Clean out the cupboards and fridge. Get the junk out period. Don’t rely on your willpower, if it’s there you’re likely to cave in and eat it during a weak moment. Don’t make excuses like the kids want it or whatever.

Talk over the decision to start a healthy diet with your family. Get their support going in. Preferably look to get everyone else on board as well if you can. If you can’t, ask for their support in your decision to get the junk food out of the house.

Plan out your diet and get prepared! I can’t emphasize preparation enough. Don’t leave healthy eating to chance. Go to the store and get stocked up on healthy foods. Make some meals in bulk with the crock pot or whatever. Put away in Tupperware and get yourself organized.

Keep a food journal or nutrition log. The old school method of simply writing down everything you eat and drink works just fine. You may however choose to use an 0n-line tracker which has the added benefit of monitoring calories and nutrient totals.

Seek the support from an accountability partner or a personal fitness coach. Don’t try to take the walk all alone. You’re going to be weak and vulnerable in the beginning. Know this going in and plan accordingly.

Establish a strong emotional reason “why” you’re making this change. Just making the decision to get healthy is pretty weak and probably won’t last long. That is of course unless you’ve had a recent health scare or bad report from your doctor. None-the-less, always look to get crystal clear with why this is important to you and put it down in writing.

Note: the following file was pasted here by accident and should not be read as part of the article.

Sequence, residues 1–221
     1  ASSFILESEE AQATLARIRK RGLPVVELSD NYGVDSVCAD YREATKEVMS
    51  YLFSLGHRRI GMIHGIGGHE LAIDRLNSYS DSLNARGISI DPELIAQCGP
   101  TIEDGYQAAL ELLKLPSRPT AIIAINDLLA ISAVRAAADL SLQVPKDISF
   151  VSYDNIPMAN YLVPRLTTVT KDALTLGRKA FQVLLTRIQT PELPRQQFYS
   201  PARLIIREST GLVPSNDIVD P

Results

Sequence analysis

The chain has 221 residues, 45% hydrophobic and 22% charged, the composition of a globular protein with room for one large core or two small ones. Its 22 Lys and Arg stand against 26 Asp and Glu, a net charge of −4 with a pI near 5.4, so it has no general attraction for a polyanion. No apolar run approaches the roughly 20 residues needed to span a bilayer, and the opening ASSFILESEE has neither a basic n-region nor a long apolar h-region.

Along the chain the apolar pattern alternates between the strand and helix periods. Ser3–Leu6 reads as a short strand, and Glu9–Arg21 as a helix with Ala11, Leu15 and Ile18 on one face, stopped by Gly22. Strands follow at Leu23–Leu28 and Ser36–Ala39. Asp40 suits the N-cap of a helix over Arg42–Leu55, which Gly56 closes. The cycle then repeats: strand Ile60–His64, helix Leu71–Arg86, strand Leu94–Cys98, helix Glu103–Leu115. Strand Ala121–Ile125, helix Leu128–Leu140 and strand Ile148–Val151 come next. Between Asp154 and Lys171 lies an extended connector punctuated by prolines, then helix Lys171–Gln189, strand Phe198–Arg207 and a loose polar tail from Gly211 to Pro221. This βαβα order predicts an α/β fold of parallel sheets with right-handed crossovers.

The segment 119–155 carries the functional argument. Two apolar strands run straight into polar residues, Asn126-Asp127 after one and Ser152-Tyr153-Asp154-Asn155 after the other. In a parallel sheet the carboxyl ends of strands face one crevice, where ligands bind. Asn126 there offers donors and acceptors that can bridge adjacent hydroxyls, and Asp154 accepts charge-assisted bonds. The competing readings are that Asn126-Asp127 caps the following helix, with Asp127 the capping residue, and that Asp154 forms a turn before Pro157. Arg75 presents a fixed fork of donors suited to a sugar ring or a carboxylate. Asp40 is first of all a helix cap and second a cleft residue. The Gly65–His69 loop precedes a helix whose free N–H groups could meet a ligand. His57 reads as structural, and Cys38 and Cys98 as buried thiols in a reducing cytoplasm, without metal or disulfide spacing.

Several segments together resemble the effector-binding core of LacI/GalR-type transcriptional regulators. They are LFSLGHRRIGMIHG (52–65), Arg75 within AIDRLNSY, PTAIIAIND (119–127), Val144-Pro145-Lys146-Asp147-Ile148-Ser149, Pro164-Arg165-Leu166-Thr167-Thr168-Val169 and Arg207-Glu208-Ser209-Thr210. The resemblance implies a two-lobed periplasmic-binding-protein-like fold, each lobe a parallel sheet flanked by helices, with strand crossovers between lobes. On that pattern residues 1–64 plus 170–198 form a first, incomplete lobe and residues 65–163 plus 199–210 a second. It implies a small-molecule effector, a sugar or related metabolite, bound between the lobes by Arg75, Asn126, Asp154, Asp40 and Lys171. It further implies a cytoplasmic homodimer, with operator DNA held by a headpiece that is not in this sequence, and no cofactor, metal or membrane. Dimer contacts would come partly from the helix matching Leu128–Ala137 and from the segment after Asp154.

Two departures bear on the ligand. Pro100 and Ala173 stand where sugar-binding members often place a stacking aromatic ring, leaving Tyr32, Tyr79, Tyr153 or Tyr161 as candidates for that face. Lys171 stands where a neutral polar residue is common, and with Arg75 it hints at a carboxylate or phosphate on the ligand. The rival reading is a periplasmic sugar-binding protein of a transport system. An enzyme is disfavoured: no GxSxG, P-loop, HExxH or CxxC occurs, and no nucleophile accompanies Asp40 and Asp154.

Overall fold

Visualize on where it is you want to go and what you want your body to look and feel like. Use vivid imagination and practice seeing this picture in your head several times each day. You’re in essence programming your subconscious mind to take you where you want to go. Don’t overlook the power in this.

Don’t set out to diet, but rather to establish healthy eating habits. Diets don’t last forever. Shift your focus to the long-term and not with quick gratification.

Increase your consumption of fruits and vegetables significantly in the beginning. Remember this is when most of the detoxification and cleansing will occur. Give your body the nutrients it needs to flush out metabolic waste and toxins. If you’re not big on eating them, juice them, but get in them in some way, some how.

If sugar cravings are giving you the fits, try using black coffee or tea to help with the withdrawal symptoms. I’ve written on this extensively in other posts so I won’t get into the details now. Just know that it can be helpful with some individuals.

The bottom line with all of this is that making the transition from a poor diet to a healthy diet isn’t always going to be a walk in the park. Be ready to fight for your health and quality of life you desire.

The rewards won’t be instantaneous and you’ll likely feel worse before you feel better. Know this going in but rest assured with the fact there’s light on the other side of the tunnel. That much I can promise you.

If you live in the Charleston, SC area and would like assistance getting started with a healthy lifestyle of supportive nutrition eating and exercise, my team of fitness professionals are ready to help at Shaping Concepts.

Shane Doll is a certified Charleston personal trainer, fat loss expert, speaker, and founder of Shaping Concepts. With a staff of over 10 certified fitness professionals, Shaping Concepts provides fitness consulting in Charleston with a specialty on weight loss and body transformation for middle age adults. See our success stories from numerous Lowcountry residents then sign up for a no-obligations consultation today.

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Category: Hormones & Health.